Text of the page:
Yeah. There was a new observatory that just opened up in New York, overlooking Madison Avenue in Midtown and it’s got a big LED wall, but it’s also three levels of mirrored ceilings and floors and walls and everything else and reflects like crazy. I was trying to wrap my head around it, but it’s that kind of thing where it becomes just an infinite space.
Florian Rotberg: Exactly, and it feels immersive and it can create great experiences there, and we took 1400 photos and 70 hours of video, so we’ll put everything together in the next week we would publish it on Invidis Meets World on YouTube where you can watch it and we will show a lot of other stuff also obviously.
What is invidisXworld?
Florian Rotberg: So invidisXworld is something we started before the pandemic, and we decided because signage is so much about content, so much about the whole room, it’s not only the digital canvas, but how people move in front of the screen and what a brand or the vendors really want to achieve.
And so we decided, we have to travel. We have to go there. We have to talk with the people who designed it, and we have to just experience ourselves and then to tell the audience how it really feels. So we just hired the camera team, and we went off to Sweden and to Berlin which is still both in Europe, so it was easier to reach, and we spent a week there and talked with dozens of experts and visited museums. Some of the museums just opened for us because they were all closed because of a lockdown, and we went to Volvo, to H&M, to different places, to headquarters and talk with the guys who are responsible for that. It’s a fascinating show and people like it and we get quite good feedback.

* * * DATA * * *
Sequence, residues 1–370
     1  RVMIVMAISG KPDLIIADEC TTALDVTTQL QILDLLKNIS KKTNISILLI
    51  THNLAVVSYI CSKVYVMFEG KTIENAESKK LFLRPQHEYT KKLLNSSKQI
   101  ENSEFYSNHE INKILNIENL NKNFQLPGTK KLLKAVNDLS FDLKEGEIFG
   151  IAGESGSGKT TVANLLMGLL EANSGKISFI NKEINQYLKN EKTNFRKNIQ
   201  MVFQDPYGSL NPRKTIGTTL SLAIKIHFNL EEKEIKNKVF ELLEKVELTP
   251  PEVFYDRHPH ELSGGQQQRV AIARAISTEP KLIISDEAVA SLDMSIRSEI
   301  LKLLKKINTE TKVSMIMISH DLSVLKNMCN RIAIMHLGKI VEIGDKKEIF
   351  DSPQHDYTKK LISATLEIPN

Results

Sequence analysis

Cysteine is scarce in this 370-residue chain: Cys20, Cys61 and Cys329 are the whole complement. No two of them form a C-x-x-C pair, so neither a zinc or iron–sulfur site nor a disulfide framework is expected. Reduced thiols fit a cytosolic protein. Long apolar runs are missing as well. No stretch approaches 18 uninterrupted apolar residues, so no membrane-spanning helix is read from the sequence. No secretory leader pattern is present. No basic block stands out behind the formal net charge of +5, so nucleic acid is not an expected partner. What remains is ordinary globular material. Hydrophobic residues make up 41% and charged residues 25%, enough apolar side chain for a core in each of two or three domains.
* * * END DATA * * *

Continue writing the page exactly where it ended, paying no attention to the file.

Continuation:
So we’re working in a visual medium, and you’re actually using video?
Florian Rotberg: Yes!
Florian Rotberg: To be honest, I always thought photos are so cool, it’s so easy, but unfortunately video is so much better, but it’s very expensive. It’s not just you spending a week somewhere, you have a whole camera team, and almost like a broadcast team, we have a video guy, sound guy, a producer, and you have to feed them and that is sometimes difficult. So you have to manage them almost like kids, but at the end of the day, you get some really good footage afterwards and it’s worth the trouble.
For people who haven’t been to Dubai, as you say, it’s fascinating. I find it extremely weird, but the degree of digital signage there, all these projects, and a lot of them are big budget projects, are they instructive or are they one-offs where you look at them and go, that’s really cool, but, that’s not something that’s ever going to scale?